The Kronos Quartet has been challenging the conventions of chamber music and the concert hall for nearly 30 years now. Most of those conventions are still standing, and a lot of what once was terribly radical in a typical Kronos program now seems quite tame. But the ensemble still has a niche and a following, still has a lot to offer those seeking a taste of novelty.
On Sunday evening, presented as the season-closer by the Shriver Hall Concert Series, the quartet offered an eclectic sampling of repertoire, most of it fashioned specifically for Kronos. Not all of it was of equal quality; not all of it was well played. But all of it was accompanied by nifty lighting effects that would have delighted Leopold Stokowski, who experimented with concert mood-lighting back in the 1930s. (Maybe nothing is ever really new.)
The meatiest matter also turned out to be old - Alban Berg's "Lyric Suite" from 1926. Most string quartets approach Berg from behind. Steeped as they are in music of the 18th and 19th centuries, they embrace his latent romanticism. The Kronos spends most of its time playing music composed long after Berg. When they look at his "Lyric Suite," they zero in on its modernity, making even the quotation of Wagner's "Tristan" sound somehow closer to our sound world than to his.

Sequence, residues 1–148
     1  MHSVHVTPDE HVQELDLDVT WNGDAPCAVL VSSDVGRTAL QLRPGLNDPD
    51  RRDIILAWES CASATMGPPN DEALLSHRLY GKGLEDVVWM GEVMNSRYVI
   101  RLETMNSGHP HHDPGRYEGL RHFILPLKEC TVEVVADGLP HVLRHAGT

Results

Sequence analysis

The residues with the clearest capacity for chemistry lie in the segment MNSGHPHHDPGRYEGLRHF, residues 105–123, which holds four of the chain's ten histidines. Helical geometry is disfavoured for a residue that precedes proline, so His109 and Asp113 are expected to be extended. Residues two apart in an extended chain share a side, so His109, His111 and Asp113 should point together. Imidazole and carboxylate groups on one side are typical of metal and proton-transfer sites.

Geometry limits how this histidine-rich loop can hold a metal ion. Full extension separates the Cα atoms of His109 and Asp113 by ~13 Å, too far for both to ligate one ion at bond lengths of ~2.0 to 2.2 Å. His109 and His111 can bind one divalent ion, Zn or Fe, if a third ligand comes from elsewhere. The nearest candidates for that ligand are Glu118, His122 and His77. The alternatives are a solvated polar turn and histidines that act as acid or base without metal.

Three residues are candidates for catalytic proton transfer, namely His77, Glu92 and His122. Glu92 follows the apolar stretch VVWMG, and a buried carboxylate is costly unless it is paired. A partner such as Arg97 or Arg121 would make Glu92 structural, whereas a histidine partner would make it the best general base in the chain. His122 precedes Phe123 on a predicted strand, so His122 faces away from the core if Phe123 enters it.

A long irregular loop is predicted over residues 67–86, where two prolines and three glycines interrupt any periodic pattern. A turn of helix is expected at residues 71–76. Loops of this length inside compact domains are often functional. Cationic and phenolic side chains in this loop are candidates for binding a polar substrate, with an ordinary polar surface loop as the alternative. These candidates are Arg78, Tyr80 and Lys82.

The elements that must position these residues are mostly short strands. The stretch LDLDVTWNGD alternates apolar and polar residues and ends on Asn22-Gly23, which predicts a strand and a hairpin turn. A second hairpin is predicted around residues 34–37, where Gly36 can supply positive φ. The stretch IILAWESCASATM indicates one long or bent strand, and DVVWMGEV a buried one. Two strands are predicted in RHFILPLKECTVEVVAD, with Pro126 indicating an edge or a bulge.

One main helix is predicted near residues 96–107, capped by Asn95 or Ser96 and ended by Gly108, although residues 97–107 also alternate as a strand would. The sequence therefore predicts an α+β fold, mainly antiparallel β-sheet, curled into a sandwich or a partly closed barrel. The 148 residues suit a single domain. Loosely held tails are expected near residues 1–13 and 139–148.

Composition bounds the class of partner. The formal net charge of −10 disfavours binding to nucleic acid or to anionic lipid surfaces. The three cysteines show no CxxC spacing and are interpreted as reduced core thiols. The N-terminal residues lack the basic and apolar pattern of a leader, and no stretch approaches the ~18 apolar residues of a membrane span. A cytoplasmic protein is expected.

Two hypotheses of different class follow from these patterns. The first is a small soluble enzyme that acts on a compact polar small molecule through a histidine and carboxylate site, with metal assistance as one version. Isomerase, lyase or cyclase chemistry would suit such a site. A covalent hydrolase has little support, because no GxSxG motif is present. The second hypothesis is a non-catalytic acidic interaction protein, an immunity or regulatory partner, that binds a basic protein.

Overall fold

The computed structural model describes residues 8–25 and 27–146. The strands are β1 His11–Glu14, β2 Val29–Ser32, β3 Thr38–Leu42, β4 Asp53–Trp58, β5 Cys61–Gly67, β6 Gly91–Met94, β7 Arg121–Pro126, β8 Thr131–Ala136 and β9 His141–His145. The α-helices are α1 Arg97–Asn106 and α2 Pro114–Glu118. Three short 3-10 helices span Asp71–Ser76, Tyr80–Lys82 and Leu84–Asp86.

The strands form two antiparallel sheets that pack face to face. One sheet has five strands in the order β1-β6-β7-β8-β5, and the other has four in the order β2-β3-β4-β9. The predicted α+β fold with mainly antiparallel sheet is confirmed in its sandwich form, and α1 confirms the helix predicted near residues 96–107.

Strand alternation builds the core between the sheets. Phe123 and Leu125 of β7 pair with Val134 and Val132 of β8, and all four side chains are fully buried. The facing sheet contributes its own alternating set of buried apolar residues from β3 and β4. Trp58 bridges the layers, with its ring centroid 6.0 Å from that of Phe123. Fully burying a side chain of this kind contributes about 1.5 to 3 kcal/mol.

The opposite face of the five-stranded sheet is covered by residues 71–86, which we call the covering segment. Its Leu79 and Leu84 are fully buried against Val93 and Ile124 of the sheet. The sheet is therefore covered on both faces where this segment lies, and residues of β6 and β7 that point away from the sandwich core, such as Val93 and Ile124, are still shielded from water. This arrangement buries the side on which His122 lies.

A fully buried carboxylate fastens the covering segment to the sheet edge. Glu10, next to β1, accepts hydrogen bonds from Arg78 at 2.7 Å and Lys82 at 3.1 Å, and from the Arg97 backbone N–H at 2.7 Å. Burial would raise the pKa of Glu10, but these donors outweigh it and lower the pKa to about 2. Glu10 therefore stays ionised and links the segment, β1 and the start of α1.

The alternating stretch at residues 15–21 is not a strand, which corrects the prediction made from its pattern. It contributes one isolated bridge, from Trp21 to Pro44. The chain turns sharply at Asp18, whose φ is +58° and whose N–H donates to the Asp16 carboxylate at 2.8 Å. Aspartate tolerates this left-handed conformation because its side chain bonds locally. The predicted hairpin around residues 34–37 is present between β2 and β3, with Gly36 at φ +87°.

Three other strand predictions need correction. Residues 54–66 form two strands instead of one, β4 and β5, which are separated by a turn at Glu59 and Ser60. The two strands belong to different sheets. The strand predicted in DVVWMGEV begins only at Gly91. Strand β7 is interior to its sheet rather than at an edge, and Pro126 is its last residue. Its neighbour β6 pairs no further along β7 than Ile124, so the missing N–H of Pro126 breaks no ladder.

The performance caught both the warmth and depth of this complex, emotional work, though from where I was sitting, the incessant noise of blowing air in the theater competed heavily with the softest, subtlest passages.
Serving as bookends for the program were minimalist pieces from 1999. Steve Reich's Triple Quartet offers more than the expected motor rhythms and basic chords; there is a strong dose of lyricism and, especially in the second movement, a colorful dash of Jewish melody. The piece, which requires the musicians to interact with themselves on pre-recorded tape, was vibrantly delivered.
But a suite from Philip Glass' soundtrack to the 1931 film classic "Dracula" made little impression, partly because the composer did not get beyond his trademark riffs often enough and partly because first violinist David Harrington was consistently out of tune.
"Oasis," a recent work by Azerbaijani composer Franghiz Ali-Zadeh, proved to be more sound effect than provocative musical statement. Harrington and violist Hank Dutt did some sexy phrasing in Margarita Lecuona's "Tabu," one of three colorfully arranged Latin songs.
The quartet was in vintage form in "Collected Songs Where Every Verse is Filled With Grief," an adaptation of a choral work by the late Alfred Schnittke; this mix of mystery and faith, ancient and modern tones, provided a memorable, only-by-Kronos moment.